Virtual ASEAN Competition Research Centre – to stimulate research on competition in ASEAN and East Asia, CCCS led the establishment of the Virtual ASEAN Competition Research Centre (“Virtual Centre”). The Virtual Centre hosts a repository of research articles which are useful reference for researchers and competition authorities examining competition issues in the region. In addition, it includes profiles and contact details of researchers / academics with an interest on competition policy and law in the region, as well as a section aimed at promoting research collaboration on competition in ASEAN. The Virtual Centre can be accessed at https://asean-competition.org/research/
View the various work products and publications developed by the AEGC.
ICN (International Competition Network)
The ICN is the only dedicated international body for competition law enforcement and it provides an informal platform for networking and addressing practical competition concerns among competition authorities worldwide. Annual conferences and regular workshops provide opportunities for discussions on various working group projects and their impact on competition enforcement. These allow the formation of a dynamic dialogue that is consensus driven to facilitate convergence towards adoption of best practices.
There are currently five working groups in the ICN:
CCCS participates actively in ICN activities and makes contributions in various working groups. For example, we hosted the first regional workshop on Unilateral Conduct in Singapore from 24 to 25 July 2012, the ICN Annual Conference in April 2016, the ICN Agency Effectiveness Working Group ASEAN Senior Competition Officials Workshop on Due Process and the ICN Policy and Implementation Workshop on Business Compliance for ASEAN Competition Officials.
CCCS is elected as a member of the ICN Steering Group which guides the work of ICN and is also co-chairing the Advocacy working group from 2017 to 2020.
OECD (Organisation of Economic Cooperation and Development)
The OECD brings together the governments of countries to discuss among themselves issues that support sustainable economic growth, employment, living standards, financial stability, economic development and contribution to world trade. It is a platform for policy makers to compare experiences, seek solutions to common problems and identifying best practices.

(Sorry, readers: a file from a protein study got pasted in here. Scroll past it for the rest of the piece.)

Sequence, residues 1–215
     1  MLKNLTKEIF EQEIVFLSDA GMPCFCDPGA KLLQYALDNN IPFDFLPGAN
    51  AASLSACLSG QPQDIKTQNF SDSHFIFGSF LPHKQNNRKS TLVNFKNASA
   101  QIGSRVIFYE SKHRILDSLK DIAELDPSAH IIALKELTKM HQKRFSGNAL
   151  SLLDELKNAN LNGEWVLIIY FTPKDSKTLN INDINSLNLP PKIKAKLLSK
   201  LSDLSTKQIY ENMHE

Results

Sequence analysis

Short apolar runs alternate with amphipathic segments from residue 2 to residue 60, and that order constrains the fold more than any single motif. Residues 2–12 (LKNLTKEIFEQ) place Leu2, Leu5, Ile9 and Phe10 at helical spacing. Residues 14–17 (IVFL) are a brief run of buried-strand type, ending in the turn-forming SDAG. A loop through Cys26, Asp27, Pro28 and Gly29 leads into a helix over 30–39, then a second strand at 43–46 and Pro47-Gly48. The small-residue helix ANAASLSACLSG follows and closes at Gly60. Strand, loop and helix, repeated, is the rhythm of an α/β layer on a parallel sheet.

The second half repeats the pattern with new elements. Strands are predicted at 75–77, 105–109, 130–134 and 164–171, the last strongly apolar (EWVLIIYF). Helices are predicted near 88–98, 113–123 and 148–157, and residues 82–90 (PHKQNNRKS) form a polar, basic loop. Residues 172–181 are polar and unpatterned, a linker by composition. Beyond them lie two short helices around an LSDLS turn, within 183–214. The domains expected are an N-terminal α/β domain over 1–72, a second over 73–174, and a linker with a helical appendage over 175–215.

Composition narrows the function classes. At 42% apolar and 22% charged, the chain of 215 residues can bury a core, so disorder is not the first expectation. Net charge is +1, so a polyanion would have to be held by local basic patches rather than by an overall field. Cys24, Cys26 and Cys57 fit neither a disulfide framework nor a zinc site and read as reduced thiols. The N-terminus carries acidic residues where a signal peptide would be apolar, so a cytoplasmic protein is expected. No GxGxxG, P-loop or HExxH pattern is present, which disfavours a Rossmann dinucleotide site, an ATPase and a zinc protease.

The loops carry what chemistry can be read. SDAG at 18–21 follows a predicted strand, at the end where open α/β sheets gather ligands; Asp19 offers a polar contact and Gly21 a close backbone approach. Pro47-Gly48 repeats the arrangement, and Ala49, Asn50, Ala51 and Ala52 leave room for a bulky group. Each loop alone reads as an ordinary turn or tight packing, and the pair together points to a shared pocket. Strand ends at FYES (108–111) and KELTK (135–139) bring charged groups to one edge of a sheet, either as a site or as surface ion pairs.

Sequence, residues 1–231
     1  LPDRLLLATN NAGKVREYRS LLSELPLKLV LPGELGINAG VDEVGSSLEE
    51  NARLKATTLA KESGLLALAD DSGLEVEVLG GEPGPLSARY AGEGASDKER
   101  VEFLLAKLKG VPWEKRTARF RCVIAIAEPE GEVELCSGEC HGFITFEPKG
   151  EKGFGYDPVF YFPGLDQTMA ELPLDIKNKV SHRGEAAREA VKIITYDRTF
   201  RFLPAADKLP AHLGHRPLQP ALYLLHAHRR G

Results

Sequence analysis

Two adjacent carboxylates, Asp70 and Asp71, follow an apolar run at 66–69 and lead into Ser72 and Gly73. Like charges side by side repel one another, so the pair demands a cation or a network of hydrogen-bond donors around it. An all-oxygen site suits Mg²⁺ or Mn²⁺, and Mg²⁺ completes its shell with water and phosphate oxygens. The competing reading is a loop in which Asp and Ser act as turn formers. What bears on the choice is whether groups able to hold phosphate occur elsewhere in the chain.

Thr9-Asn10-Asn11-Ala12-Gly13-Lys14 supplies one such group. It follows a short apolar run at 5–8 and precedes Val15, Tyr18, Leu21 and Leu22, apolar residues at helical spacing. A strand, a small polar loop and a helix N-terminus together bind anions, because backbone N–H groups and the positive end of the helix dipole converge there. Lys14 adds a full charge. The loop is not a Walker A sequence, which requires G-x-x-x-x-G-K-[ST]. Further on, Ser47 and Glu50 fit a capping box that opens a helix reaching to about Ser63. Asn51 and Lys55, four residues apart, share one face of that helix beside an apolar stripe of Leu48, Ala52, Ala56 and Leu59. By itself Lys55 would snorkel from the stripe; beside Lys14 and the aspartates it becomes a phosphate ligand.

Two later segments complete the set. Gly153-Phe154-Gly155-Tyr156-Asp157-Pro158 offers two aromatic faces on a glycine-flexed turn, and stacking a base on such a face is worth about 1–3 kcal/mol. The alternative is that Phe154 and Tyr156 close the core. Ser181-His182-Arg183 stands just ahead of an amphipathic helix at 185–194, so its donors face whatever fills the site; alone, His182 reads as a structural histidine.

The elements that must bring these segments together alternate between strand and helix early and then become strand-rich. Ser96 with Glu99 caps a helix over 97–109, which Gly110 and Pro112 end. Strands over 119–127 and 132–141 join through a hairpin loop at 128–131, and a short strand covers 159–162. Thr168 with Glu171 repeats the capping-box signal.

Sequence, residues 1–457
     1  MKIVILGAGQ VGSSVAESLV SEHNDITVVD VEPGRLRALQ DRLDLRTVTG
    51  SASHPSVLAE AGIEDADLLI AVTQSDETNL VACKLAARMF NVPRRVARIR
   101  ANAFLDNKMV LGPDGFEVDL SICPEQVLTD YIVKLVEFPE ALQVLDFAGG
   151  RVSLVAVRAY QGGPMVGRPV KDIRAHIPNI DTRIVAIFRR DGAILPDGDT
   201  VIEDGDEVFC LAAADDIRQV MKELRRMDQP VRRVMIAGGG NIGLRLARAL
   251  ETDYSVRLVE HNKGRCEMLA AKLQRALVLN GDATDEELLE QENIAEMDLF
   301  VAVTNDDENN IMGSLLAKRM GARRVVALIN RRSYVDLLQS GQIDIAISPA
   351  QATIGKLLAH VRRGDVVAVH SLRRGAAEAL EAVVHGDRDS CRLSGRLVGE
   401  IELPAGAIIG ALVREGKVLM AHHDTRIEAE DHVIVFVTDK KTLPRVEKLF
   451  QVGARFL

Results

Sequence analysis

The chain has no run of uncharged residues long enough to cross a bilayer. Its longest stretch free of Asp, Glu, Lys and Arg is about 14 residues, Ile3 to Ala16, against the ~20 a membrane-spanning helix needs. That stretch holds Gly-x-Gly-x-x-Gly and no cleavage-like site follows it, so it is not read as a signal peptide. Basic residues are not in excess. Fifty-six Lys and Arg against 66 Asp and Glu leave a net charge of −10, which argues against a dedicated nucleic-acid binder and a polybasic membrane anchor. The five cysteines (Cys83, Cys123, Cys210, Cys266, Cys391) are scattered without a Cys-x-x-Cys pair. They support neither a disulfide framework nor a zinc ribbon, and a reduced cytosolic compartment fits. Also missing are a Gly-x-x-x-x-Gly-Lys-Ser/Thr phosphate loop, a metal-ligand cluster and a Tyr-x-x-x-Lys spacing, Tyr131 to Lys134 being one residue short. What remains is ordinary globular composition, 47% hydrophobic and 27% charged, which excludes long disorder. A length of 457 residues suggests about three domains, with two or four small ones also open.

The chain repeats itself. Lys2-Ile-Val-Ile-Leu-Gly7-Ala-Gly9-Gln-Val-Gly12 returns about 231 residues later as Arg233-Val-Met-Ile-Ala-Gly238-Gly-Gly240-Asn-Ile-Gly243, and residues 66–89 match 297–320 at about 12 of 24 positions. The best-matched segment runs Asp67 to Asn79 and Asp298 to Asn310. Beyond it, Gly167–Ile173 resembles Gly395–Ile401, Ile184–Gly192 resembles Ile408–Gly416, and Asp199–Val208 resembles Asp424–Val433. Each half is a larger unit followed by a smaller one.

CCCS participates in OECD activities on competition law and policy that actively encourages governments to tackle anti-competitive practices and regulations. These include contributing papers and speaking on Singapore’s experiences at the annual OECD Global Forum on Competition (GFC) and the bi-annual OECD Competition Committee Meetings. The GFC is an annual event that brings together high-level competition officials from around the world. The GFC provides an opportunity for policy dialogue between OECD and non-OECD countries. Our contributions for the past three years are:
The Organisation of Economic Cooperation and Development (OECD) Committee on Consumer Policy (CCP) addresses a broad range of consumer issues and helps public authorities enhance the development of effective consumer policies. It does so by (i) carrying out research and analysis, and developing policy guidelines on topics of common interest; (ii) exchanging information on current and emerging issues and trends; and (iii) examining ways to strengthen policy outcomes, both among governments and with other stakeholders.
The Committee, which includes senior consumer policy and enforcement officials from OECD governments, works closely with consumer policy and enforcement officials from OECD non-Members, and experts from civil society and the business community. In addition to its semi-annual meetings, the CCP organises workshops on specific issues in which stakeholders from non-Members often take part.
ACCP (ASEAN Committee on Consumer Protection)
The ASEAN Committee on Consumer Protection (ACCP) was established in 2007 by the ASEAN Economic Ministers. Its members are representatives of consumer protection agencies of ASEAN Member States (AMS). The ACCP serves as the focal point to implement and monitor regional arrangements and mechanisms to foster consumer protection in the ASEAN Economic Community (AEC).
The ACCP’s role is to ensure that consumer protection measures, including laws, regulations and policies, are in place in all AMS; consumers’ access to information is enhanced, mechanisms for consumer redress and product recalls are in place, and institutional capacity is strengthened. These are reflected in the strategic approaches adopted under the AEC Blueprint 2015-2025 and the more detailed initiatives under the ASEAN Strategic Action Plan on Consumer Protection (ASAPCP 2025).
CCCS currently supports the Pro-Enterprise Division/Ministry of Trade and Industry (MTI) in contributing to the various initiatives of the ACCP, and participates actively at the Committee’s meetings and workshops.
ICPEN (International Consumer Protection Enforcement Network)
The International Consumer Protection Enforcement Network (ICPEN) is a membership organization consisting of consumer protection law enforcement authorities from across the globe. ICPEN provides a forum for developing and maintaining regular contact between consumer protection agencies and focusing on consumer protection concerns. By encouraging cooperation between agencies, ICPEN aims to enable its members to have a greater impact with their consumer laws and regulations.
The mandate of ICPEN is to share information about cross-border commercial activities that may affect consumer interests and to encourage international cooperation and collaboration among consumer law enforcement agencies in this scope. The core strategies to achieve its mandate are:
- To coordinate and cooperate on consumer protection enforcement matters
- To share information and intelligence on consumer protection trends and risks
- To share best practice information about key consumer protection laws, enforcement powers and regulatory approaches to consumer protection
Participants of ICPEN are categorized into members, partners and observers. As at November 2018, ICPEN has 61 member authorities and 3 partner organizations (with membership pending). Participants usually meet twice a year at plenary conferences hosted by the country which is holding ICPEN’s annual rotating presidency. Each presidency is supported by an advisory group composed of the current, former and future Presidents and nominated representatives from within the membership seeking geographical representation and rotating participation of different member organizations.
Since April 2018, CCCS has been attending ICPEN’s annual conferences and best practices workshops.